Rubicon has quietly (and I only say quietly because no one is watching anymore) morphed into a damn good series over the last three episodes. There were a few missteps along the way as the series transitioned between showrunners and tried to figure out what the hell it was all about, but since “The Outsider” and Will’s journey to D.C., things have popped.
This episode didn’t absolutely focus on the conspiracy plot’s mechanization, but instead let James Badge Dale run around, acting all twitchy and really sell us on Will’s fear. In a series like this, there needs to be a point where the lead character realizes that he’s too far in and might not be able to get out, and that’s basically what “Look to the Ant” was. Kale surprisingly lets Will know that there are cameras in his apartment, which sends Will into a tizzy: He slowly and intently searches his apartment, does a lot of heavy breathing and nearly reaches his breaking point at the internet cafe. It’s kind of false to see Will react so strongly to this situation because his job and past experiences should have told him that things can get sketchy. But thankfully, James Badge Dale is very good at looking around bug-eyed and seeming short of breath, so I was sold after the scene at Kale’s when Will gets the information.
Speaking of Kale, the series has been very, very smart in the last few episodes by constantly shifting his allegiances, or at least appearing to do so. Last week, it seemed as though he was surely going to be a foil for Will, but this week he is helping Mr. Travers. Of course, there’s a damn good chance that Kale’s allegiances lie somewhere that we are not even aware of yet, but I applaud the writers for keeping us guessing without seeming too unrealistic or stupid. I think I’ve said before that the series has nicely set up this hierarchy at API and in the conspiracy so that people can be playing multiple positions without it seeming too unrealistic. Kale might be lying to Will, but he’s definitely trying to help keep Truxton at bay for some reason.
But again, this week the episode was at its best when it gave us some low-key character moments. Will taking a quick trip to Kale’s home was a great scene, if only for the ability to sneak a peek into the private life of such a questionable dude. As I suspected last week, Kale is a gay and it turns out, he also doesn’t like Hot Chip (though his male companion does). My favorite parts of the episode saw Miles doing some spying on a wedding in Urdu with the cutie Julia he recruited to do some translating. The scenes between them were charming and cute and the series is obviously hinting at a pairing between the two. It was also nice to be reminded that Miles is, in fact, married — even if he clearly doesn’t feel like he should be. It’s the small moments like this that make Rubicon worth watching, even when the conspiracy plot is chugging forward (though it was this week).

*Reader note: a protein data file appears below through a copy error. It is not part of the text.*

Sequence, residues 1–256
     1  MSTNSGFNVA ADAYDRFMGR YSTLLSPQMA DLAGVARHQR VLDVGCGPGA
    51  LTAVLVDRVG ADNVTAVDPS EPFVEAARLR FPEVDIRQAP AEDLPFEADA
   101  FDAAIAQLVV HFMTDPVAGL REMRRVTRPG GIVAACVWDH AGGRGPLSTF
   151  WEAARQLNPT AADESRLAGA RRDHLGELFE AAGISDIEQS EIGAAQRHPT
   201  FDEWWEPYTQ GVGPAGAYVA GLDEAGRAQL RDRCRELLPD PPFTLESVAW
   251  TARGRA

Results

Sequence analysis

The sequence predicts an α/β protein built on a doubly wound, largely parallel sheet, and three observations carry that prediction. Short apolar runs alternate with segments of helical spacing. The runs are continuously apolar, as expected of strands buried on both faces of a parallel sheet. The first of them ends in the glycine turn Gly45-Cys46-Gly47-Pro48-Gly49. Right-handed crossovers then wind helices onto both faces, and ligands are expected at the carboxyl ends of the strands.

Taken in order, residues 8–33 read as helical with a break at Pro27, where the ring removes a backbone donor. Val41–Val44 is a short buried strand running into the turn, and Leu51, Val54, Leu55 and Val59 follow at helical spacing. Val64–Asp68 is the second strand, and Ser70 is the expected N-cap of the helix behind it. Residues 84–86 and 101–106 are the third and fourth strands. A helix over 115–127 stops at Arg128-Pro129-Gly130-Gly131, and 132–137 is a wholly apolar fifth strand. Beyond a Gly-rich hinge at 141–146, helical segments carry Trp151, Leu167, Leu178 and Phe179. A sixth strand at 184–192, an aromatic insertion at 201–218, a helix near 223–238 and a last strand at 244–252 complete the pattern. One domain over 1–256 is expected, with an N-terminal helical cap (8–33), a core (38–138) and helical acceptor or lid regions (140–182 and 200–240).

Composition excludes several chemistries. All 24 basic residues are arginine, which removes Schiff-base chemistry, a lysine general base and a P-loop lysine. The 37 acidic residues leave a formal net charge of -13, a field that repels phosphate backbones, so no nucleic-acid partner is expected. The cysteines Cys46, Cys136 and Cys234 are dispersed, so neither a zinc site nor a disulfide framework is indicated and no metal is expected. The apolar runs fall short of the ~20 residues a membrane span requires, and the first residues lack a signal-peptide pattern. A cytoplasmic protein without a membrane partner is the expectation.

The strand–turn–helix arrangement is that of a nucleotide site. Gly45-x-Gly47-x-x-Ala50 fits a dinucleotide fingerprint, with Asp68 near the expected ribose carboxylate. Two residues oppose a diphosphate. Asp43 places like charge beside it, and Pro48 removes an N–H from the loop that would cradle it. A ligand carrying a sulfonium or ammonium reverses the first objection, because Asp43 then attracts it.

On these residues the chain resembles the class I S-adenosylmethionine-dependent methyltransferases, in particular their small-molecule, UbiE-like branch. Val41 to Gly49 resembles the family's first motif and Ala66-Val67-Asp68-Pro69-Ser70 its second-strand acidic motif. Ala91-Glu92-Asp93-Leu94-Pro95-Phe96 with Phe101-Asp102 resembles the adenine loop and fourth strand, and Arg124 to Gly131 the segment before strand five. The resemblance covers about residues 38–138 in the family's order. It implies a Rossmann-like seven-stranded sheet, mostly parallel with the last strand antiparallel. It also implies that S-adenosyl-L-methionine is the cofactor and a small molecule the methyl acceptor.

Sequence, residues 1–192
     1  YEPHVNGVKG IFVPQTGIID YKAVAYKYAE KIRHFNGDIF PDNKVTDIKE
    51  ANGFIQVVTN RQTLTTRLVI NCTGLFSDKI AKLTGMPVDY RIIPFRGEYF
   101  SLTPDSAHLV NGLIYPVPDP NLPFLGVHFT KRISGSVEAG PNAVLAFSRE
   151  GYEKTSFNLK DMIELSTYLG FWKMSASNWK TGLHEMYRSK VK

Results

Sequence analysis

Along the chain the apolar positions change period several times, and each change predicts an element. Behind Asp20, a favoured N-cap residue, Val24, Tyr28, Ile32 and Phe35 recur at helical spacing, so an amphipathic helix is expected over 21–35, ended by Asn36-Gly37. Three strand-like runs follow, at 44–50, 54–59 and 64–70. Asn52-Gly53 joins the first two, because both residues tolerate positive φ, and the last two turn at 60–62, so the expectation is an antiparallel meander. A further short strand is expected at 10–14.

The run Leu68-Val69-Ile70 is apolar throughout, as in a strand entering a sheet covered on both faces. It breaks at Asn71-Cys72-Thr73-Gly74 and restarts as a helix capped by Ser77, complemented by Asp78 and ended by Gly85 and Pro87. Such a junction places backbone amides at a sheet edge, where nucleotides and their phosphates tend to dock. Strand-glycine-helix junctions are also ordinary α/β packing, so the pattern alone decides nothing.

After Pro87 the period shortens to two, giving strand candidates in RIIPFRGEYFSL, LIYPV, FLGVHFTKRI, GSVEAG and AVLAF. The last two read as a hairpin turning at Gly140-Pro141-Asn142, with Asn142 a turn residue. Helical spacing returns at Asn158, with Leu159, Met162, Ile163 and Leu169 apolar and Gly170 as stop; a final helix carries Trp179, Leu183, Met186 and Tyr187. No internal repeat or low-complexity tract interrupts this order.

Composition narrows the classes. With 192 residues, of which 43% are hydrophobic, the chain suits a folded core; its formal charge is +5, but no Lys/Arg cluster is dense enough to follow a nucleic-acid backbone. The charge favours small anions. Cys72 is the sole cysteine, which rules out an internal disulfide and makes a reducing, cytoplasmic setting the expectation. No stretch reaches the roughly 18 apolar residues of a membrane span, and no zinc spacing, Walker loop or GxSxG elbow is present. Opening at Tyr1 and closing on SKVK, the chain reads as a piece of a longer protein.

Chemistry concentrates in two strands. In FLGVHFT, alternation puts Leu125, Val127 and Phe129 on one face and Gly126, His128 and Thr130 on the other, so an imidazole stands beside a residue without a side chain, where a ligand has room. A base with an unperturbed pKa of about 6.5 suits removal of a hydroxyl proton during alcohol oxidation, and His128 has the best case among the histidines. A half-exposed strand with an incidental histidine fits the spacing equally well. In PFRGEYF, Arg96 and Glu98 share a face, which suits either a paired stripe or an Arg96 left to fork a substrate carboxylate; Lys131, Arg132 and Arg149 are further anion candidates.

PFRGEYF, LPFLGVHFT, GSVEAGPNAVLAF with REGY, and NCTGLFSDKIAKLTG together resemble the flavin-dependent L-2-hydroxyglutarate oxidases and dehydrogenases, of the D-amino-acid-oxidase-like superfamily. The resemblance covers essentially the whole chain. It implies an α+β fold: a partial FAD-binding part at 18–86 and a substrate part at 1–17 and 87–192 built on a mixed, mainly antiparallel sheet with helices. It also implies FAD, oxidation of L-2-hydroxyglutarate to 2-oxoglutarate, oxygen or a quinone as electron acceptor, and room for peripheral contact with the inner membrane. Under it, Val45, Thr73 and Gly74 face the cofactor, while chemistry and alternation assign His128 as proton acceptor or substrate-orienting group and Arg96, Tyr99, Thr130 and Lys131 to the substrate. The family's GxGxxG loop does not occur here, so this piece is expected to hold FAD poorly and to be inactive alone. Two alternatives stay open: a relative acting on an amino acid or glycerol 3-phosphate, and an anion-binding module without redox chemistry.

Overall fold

Finally, I wanted to comment on the two ladies the series has had trouble writing for. Katherine’s scenes are still disconnected from everything else, but the story is ramping up a bit, with her finding the four-leaf clover and all this week. Miranda Richardson is doing good work in her attempts to convince us that her character is both feeling loss and looking for answers. Maggie, on the other hand, is still a black hole of storytelling. She’s had little to do for weeks and this week, and her glorious return to the story this week was one-note, random and a weak attempt at reminding us that this girl really wants Will Travers. Surely she has a secret, but because I can’t bother with her pointlessness, I don’t really care what it is yet.
What do you folks think about Rubicon thus far?